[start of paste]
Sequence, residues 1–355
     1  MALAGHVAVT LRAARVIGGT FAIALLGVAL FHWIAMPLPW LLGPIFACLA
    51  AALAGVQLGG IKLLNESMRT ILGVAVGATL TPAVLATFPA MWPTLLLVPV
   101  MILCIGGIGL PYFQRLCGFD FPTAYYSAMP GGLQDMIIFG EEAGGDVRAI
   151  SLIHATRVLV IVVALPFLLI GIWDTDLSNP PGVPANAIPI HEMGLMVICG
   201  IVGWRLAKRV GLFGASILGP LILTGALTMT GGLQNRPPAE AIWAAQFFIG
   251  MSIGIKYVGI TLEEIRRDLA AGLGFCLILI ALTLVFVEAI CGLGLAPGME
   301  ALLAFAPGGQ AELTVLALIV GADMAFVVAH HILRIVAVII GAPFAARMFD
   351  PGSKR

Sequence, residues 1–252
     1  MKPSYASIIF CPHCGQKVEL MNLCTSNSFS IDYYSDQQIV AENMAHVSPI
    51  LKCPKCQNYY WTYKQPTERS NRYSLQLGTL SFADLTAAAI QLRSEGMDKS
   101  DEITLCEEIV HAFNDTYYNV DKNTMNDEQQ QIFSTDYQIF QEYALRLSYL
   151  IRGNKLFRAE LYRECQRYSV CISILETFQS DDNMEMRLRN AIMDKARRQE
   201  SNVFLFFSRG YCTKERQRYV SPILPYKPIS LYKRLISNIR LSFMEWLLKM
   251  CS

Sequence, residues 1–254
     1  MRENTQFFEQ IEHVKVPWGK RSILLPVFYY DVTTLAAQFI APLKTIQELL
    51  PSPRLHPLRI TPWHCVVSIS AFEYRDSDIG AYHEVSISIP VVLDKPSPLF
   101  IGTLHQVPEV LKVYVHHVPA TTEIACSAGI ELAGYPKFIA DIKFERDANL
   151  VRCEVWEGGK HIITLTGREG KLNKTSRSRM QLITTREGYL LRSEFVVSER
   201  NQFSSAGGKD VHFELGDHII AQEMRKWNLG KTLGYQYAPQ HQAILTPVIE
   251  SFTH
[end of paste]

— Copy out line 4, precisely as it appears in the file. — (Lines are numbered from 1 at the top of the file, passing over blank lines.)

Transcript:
   101  MILCIGGIGL PYFQRLCGFD FPTAYYSAMP GGLQDMIIFG EEAGGDVRAI